Prior work on gharial pterygoid bulla only gave a passing reference to this structure as a possible acoustic resonator. We went deeper in our analysis, running our CFD code through the nose, we could see how this structure likely does function as a resonator, at least in males (Louise, our female, also had pterygoid bullae, but they were not as well defined). We discovered a distinct constriction between the anterior and posterior chambers of the bullae in males. This "pterygoid waist" created a Bernoulli effect, alternately compressing and decompressing air that moved through it during a forced expiration. Much like popping a champagne cork, this sudden release of pressure, forced air to jet into the pterygoid bulla and would have likely made a "pop" sound. Such jaw "pops" have been recorded in gharials before. It has previously been compared to the jaw claps of other crocodylians, but was noted for being produced without having to move the jaws. We suspect that this is how gharials are able to perform this unique feat.



Figure 21 of our paper showing the Bernoulli effect in Taj, but no such effect in Louise.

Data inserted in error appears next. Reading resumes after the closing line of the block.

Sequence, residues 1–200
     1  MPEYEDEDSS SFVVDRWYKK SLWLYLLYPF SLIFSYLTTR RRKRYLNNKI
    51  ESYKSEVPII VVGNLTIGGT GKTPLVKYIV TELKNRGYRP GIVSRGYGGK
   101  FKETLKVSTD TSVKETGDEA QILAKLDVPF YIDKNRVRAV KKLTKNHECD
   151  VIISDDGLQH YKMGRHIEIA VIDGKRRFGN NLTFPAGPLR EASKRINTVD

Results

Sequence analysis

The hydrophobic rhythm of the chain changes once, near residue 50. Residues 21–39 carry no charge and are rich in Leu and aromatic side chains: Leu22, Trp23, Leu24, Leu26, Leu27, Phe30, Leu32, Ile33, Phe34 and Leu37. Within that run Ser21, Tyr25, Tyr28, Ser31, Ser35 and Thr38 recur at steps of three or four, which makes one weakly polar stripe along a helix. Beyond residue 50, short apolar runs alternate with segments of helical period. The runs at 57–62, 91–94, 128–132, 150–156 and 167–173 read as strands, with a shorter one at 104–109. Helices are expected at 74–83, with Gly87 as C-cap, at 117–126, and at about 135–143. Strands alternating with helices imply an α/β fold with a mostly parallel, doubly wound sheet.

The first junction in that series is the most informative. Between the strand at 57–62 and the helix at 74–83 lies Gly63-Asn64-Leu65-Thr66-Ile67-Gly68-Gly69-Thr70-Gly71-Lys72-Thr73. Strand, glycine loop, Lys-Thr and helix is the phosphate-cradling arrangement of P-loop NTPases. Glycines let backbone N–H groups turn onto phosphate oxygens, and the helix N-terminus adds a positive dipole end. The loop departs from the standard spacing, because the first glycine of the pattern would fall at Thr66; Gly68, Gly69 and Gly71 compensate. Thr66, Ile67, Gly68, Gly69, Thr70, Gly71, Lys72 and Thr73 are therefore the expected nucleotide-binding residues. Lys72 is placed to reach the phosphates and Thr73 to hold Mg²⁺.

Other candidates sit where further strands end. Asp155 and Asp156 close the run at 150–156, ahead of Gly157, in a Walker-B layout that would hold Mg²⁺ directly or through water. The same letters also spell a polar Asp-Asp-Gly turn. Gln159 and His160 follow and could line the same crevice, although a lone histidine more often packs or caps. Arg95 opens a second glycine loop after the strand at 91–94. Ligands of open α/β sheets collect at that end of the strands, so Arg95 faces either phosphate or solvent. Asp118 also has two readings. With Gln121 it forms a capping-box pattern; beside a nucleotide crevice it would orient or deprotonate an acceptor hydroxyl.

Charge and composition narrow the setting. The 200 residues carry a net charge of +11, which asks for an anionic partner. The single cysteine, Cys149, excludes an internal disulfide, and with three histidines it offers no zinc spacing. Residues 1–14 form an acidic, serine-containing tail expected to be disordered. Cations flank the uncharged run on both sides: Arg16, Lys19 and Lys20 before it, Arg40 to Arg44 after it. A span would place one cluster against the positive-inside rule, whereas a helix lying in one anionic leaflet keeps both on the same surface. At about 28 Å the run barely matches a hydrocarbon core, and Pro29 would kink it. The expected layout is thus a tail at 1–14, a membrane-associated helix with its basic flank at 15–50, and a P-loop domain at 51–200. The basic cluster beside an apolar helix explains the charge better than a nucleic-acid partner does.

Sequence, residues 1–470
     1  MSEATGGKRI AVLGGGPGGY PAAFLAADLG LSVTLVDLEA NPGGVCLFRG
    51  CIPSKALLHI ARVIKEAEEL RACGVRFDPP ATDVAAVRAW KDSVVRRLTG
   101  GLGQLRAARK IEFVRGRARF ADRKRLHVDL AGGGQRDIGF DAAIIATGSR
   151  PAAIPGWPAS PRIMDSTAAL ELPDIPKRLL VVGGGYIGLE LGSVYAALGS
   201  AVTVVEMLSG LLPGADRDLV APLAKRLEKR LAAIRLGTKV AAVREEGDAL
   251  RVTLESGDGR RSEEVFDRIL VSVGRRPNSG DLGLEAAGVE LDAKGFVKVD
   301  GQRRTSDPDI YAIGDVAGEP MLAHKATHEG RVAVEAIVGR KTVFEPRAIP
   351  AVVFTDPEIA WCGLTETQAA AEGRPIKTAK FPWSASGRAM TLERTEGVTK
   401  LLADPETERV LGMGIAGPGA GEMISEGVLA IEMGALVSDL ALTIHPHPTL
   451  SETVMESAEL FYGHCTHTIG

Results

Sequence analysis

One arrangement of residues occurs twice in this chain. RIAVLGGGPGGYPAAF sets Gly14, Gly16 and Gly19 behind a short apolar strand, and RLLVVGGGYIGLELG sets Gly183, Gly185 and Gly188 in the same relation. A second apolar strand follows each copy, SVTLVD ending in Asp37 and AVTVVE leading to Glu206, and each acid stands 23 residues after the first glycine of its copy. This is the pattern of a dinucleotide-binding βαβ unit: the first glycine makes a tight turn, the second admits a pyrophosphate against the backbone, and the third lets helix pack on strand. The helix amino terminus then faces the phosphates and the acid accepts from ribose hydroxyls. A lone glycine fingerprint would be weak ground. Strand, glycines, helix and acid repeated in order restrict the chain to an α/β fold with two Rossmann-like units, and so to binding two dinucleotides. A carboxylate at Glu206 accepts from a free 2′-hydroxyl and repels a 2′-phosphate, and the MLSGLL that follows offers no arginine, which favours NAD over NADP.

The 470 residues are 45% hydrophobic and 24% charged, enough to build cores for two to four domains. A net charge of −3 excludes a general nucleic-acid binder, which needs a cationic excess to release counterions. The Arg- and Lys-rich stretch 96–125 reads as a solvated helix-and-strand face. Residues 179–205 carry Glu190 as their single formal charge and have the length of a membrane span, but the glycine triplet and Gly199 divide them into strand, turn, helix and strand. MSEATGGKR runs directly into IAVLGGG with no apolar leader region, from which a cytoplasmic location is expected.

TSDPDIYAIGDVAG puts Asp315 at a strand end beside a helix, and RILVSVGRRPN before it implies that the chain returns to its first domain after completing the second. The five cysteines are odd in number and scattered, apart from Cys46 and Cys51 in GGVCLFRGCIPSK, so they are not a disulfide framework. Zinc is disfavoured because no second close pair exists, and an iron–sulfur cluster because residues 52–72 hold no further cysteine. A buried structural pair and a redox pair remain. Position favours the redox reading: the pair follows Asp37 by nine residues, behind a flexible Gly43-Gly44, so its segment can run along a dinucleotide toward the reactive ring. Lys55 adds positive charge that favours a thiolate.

We're not done yet!


Which brings us to the end of our first study of gharials. I say first, because they are such a fascinating group of critters that I don't see my lab veering away from them just yet. They represent one of the few instances we no of where an animal is using their nose to not just accentuate sound, but to actually produce it. Needless to say, this has direct implications for other alleged nasal resonators. Namely, these guys:



Lambeosaurine hadrosaurs. Those weird crests had even weirder noses in them. Art by Michael Skrepnick

Till next time.



 

References


Brochu, C. 2003. Phylogenetic Aproaches Toward Crocodylian History. Ann. Rev. Earth. Plan. Sci. 31:357–397.


Dinets, V. 2013. Long-distance signaling in Crocodylia. Copeia, 3:517–526.


Harshman, J., Huddleston, C.J., Bollback, J.P., Parsons, T.J., Braun, M.J. 2003. True or False Gharials: A Nuclear Gene Phylogeny of Crocodylia. Syst. Biol. 52(3):386–402.


Nair, T., Thorbjarnarson, J.B., Aust, P., Krishnaswamy, J. 2012. Rigorous Gharial Population Estimation in the Chambal: Implications for Conservation and Management of a Globally Threatened Crocodilian. J. Appl. Ecol. 49(5):1046–1054.


Sharma, S.P., Ghazi, M.G., Katdare, S., Dasgupta, N., Mondol, S., Gupta, S.K., Hussain, S.A. 2021. Microsatellite Analysis Reveals Low Genetic Diversity in Managed Populations of the Critically Endangered Gharial (Gavialis gangeticus) in India. Sci. Rep. 11(5627).


Sookias, R.B. 2020. Exploring the Effects of Character Construction and Choice, Outgroups and Analytical Method on Phyogenetic Inference from Discrete Characters in Extant Crocodilians. Zool. J. Linne. Soc. 189(2):670–699.


Stevenson, C.J. 2014. Conservation of the Indian Gharial Gavialis gangeticus: Successes and Failures. Int. Zoo. Year. 49(1):150–161.